The message here is not to repeat yourself over and over. It is simply that the warmest love becomes room temperature unless constantly reinforced. For relationships, that means that it may help to express your love and affection and admiration, enthusiastically and consistently, whenever and however you can.
In any relationship (whether it’s romantic, friendship, or doggo), love can be something that becomes boringly mundane. It’s easy for other things to take center stage, like who is taking out the trash or when you’ll find time to run. Petty grievances can feel huge in these settings, kind of like a guitar solo of annoyance getting all of the attention while the drumbeat of unconditional love and bass line of friendship gets ignored.
Sometimes, running sucks (just like there are moments where any relationship sucks). Sometimes, your mental health doesn’t let anything rise above room temperature. It’s really, really hard. But we’re all fighting entropy, one of the most powerful forces in the universe, so it’s okay for it to be hard.
On top of that, society often encourages us to “play it cool,” to hold in these thoughts and feelings. That’s some crazy stuff when you think about it. What makes you feel better in life, when your friend/partner tells you how great you are or when they express an ironic, detached witticism? It’s probably the simple expression of love. You can be the person that extends that joy to others and to yourself. Always be honest, but don’t be “cool.” Screw being cool.
So try your own experiment. Change your e-mail signature line from “Regards” to “You are great!” for people you care about. Tell your dogs they are the best dogs in the whole world. Let your loved ones know they are loved, deeply and personally, bringing a brilliant light to the world with their presence.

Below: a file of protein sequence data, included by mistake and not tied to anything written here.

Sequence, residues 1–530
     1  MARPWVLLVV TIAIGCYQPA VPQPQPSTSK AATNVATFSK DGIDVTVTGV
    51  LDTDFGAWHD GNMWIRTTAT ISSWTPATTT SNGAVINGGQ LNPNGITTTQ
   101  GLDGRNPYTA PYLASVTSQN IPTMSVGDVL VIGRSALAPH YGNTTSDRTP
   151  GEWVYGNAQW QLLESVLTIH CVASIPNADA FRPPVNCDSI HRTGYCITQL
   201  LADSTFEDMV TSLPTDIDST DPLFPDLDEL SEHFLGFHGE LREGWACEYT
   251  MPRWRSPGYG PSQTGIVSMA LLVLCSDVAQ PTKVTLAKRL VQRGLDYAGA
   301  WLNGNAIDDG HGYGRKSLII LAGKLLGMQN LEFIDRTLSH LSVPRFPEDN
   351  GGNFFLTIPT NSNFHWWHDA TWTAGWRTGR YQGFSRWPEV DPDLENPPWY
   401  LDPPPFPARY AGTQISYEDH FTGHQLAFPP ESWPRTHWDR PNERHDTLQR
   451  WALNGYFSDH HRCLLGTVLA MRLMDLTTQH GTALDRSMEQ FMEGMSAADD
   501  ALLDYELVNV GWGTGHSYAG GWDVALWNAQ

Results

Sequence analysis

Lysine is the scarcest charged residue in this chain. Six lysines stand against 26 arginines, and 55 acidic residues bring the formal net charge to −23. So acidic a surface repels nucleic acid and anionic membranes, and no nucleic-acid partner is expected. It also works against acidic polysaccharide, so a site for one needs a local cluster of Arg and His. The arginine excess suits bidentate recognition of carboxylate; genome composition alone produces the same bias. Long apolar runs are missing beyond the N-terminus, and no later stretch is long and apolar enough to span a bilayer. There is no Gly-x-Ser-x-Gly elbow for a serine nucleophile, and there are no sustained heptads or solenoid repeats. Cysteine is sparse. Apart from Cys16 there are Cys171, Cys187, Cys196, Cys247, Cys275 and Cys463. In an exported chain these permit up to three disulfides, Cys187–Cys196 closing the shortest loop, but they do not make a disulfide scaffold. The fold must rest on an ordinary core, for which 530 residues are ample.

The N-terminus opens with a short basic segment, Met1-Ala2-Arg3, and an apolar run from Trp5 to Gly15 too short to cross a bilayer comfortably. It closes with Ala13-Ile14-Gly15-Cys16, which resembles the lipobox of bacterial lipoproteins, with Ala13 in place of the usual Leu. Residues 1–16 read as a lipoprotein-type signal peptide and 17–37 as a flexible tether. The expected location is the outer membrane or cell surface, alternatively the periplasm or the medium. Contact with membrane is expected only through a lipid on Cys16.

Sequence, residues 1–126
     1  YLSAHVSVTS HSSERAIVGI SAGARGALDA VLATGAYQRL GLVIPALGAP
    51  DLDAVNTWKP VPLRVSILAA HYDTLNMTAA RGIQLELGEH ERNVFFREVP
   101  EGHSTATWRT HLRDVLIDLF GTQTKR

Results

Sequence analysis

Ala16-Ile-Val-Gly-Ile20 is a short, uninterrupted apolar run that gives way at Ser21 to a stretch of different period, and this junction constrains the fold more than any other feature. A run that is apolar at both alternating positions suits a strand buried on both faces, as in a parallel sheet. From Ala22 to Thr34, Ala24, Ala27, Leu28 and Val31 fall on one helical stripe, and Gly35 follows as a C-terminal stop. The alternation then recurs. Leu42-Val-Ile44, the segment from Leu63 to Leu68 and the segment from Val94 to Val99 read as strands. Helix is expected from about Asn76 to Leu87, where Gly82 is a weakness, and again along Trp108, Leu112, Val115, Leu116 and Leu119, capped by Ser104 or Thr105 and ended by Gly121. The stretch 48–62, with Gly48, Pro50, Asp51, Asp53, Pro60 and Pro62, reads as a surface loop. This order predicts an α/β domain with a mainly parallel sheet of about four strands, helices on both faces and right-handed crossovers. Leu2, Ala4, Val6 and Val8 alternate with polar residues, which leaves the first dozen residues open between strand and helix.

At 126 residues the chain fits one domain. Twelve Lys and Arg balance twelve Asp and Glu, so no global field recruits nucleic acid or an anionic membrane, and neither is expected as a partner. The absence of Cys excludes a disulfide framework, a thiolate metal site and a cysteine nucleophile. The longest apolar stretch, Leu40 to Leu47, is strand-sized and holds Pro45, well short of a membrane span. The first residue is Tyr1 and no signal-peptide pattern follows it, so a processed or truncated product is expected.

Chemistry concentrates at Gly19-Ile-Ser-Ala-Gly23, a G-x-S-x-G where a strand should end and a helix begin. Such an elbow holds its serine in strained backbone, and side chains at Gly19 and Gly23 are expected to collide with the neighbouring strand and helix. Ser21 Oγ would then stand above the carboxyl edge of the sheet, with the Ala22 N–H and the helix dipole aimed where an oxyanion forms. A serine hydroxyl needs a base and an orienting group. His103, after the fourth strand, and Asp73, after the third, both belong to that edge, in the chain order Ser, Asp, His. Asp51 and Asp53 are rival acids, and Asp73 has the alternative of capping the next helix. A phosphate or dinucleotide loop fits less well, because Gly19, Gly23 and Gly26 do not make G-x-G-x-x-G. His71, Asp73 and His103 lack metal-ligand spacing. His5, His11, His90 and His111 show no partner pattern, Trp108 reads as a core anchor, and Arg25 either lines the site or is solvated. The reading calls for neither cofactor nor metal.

Or, at the very least, just count how many times you tell people how amazing they are (because they are). Try to tick that number up just a few notches. Watch what happens.
It might be nothing. But wait just a bit, and you could change everything in their world and how they perceive themselves in it, strengthening your bond in the meantime.
And perhaps even more importantly, do that in your own head too. Who is awesome? You are awesome! What do you love? The daily act of running! What do you want to be? A lifelong happy runner, bringing joy to the world with your presence, totally uncool and totally okay with it!
It’s more complicated than that, though. Sometimes, running sucks (just like there are moments where any relationship sucks). Sometimes, your mental health doesn’t let anything rise above room temperature. It’s really, really hard. But we’re all fighting entropy, one of the most powerful forces in the universe, so it’s okay for it to be hard. The next few chapters try to explain how you can push back against entropy and learn to love the mundane of a running life.
—For more from Happy Runner, purchase the book here.